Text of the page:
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The purpose of this howto is to configure a modern FTP server for public or corporate consumption. This means solving three basic requirements:

  1. System users have general access to the FTP server from outside and inside the LAN
  2. FTP users (clients) only have chrooted access from outside the FTP server
  3. System is mainly self managed (files scrub themselves, accounts get nuked after X days)

The guide will be separated into three parts, depending on how many of the above requirements you want to implement:

  1. Base install of ProFTPD
  2. Basic configuration of ProFTPD
  3. Advanced configuration

Current system configuration

To avoid any confusion and to ensure that you get the most out of this guide, please consider the following system context:

Current System Context
Variable Environment
Date June 2008
Kernel2.6.25.1 SMP

Caution about FTP solutions

FTP servers are basically vestigial reminents of the early 90s: legacy technology that has made its way into most OSes today, usually in the form of a very scaled down FTP client being a part of some GUI. What is even more unfortunate is that the advancements in the RFCs haven't really been adopted throughout, leaving SFTP and other great features out of the lowest common denominator feature set. That means you need to educate your user base about the perils of FTP:

So keep that in mind when posting credit-card lists in text format on FTP servers. (Don't laugh, I've seen it done.)

Base install

Become root and run the following commands:

# echo 'net-ftp/proftpd -ipv6 -ssl authfile vroot' >> /etc/portage/package.use

Your server will not require SSL as most people wont even know how to set that up. Additionally, its very unlikely that you will require IPv6 unless you have a very specific target audience in mind.

Next, you must install the package from Portage:

# emerge --sync
# emerge -av proftpd

Make sure your dependencies are met before proceeding.

Once the application compiles you will have an unconfigured FTP server installed on your Gentoo machine. The installer also creates the ProFTP and FTP user/groups:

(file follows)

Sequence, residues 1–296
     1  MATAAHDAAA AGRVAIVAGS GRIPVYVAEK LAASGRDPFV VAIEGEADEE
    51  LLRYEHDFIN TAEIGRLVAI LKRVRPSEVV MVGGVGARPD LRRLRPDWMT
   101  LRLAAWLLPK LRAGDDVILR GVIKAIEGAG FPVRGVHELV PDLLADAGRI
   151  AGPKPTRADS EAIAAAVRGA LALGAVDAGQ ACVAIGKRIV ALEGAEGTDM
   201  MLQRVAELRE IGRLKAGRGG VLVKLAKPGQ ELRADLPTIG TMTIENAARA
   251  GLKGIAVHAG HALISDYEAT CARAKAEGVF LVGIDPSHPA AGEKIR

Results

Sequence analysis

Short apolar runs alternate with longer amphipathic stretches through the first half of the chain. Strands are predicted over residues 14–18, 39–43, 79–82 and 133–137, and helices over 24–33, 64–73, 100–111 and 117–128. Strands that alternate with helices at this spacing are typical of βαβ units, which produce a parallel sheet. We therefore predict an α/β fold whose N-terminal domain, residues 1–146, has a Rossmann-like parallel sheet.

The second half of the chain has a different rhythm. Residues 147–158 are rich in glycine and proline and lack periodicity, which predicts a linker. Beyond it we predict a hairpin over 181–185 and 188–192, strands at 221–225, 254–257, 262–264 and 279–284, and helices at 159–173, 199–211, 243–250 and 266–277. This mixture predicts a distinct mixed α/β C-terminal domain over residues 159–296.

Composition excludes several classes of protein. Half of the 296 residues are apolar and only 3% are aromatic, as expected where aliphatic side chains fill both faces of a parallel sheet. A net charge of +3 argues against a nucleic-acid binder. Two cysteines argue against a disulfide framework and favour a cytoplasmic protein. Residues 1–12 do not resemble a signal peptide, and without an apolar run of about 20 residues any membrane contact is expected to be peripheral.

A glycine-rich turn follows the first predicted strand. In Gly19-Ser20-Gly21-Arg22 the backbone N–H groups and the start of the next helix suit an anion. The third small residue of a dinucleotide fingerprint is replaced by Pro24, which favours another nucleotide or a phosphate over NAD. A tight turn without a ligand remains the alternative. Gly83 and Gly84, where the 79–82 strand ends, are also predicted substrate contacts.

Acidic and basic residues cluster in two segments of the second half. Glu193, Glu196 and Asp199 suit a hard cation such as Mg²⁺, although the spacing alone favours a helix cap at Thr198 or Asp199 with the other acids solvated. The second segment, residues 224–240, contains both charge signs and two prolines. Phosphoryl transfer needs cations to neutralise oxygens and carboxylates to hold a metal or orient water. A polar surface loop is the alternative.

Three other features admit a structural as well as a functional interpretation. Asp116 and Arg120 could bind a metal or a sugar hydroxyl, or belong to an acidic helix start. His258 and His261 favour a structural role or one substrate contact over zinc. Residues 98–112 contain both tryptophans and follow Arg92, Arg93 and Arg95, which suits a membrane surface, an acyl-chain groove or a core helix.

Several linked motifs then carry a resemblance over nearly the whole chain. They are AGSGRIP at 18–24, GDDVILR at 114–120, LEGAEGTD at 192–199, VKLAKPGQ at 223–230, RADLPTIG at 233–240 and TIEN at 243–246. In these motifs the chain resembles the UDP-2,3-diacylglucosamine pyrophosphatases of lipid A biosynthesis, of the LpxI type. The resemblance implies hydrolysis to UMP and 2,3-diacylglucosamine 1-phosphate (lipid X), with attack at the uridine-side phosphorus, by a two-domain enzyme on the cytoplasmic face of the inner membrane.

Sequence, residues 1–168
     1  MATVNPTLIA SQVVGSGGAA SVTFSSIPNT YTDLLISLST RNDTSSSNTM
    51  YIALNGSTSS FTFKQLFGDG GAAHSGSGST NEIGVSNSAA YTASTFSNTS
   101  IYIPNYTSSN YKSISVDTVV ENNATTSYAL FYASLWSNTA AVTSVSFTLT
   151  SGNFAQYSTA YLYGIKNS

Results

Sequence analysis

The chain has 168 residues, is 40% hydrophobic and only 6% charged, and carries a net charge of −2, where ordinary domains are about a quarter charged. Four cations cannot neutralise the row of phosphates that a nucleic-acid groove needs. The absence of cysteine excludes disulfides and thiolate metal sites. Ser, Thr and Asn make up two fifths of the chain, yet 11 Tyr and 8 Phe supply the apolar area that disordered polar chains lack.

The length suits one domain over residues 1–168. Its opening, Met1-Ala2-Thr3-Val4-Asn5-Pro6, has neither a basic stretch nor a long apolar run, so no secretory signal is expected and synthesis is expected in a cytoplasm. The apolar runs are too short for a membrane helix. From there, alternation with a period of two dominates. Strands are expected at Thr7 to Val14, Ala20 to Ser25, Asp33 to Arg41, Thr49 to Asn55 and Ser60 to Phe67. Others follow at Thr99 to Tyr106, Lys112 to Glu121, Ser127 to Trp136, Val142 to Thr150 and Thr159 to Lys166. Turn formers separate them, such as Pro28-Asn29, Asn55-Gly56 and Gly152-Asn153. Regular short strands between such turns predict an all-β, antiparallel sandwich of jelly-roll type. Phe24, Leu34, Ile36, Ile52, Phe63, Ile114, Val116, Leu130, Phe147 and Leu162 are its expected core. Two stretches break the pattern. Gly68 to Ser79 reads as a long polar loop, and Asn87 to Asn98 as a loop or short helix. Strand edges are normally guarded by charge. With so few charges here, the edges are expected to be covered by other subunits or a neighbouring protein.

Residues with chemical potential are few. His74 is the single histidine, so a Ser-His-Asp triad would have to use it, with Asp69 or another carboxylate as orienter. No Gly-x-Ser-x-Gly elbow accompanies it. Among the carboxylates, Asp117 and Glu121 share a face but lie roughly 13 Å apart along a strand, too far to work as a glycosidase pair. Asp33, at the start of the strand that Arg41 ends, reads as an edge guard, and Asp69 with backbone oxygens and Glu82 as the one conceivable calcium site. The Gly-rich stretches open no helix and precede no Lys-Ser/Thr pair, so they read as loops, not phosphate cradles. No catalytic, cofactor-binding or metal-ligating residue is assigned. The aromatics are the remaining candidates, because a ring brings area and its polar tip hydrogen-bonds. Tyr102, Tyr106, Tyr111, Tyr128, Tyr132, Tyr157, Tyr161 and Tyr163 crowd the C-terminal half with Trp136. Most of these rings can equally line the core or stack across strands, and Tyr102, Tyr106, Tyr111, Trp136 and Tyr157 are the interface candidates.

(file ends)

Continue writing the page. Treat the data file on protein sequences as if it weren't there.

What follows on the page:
# cat /etc/group|grep ftp && cat /etc/passwd|grep ftp

The command should return something like this:

ftp:x:21:21:by portage for ftpbase:/home/ftp:/sbin/nologin
proftpd:x:101:1004:by portage for proftpd:/dev/null:/sbin/nologin 

If for some reason these groups and accounts were not created then you need to do this by hand.

Basic Configuration

The plan is to configure the server to run on Port 21 with a separated user base for system users and "guest" users. Guest users are those who may require an FTP account but should not have shell accounts. Anonymous access is disabled.

Configuration file: proftpd.conf

Your default configuration file is /etc/proftpd/proftpd.conf.

This file needs to be created from /etc/proftpd/proftpd.sample. However, in your case you can create a fresh clean file and use the below example as a starting point.

Issue the following commands as root:

# touch /etc/proftpd/proftpd.conf
# vi /etc/proftpd/proftpd.conf

You will now be editing a blank file. Go ahead and paste the sample config provided below:

File: /etc/proftpd/proftpd.conf
service proftpd
ServerName                      "FTP Server"
ServerType                      standalone
DeferWelcome                    off
Port                            21
Umask                           002

MaxInstances                    30
TimeoutLogin                    120
TimeoutIdle                     600
TimeoutNoTransfer               900
TimeoutStalled                  3600

DefaultServer                   off

User                            proftpd
Group                           proftpd

PassivePorts                    52300 52323

DefaultRoot /pub/ftproot

LogFormat                       default "%h %l %u %t \"%r\" %s %b"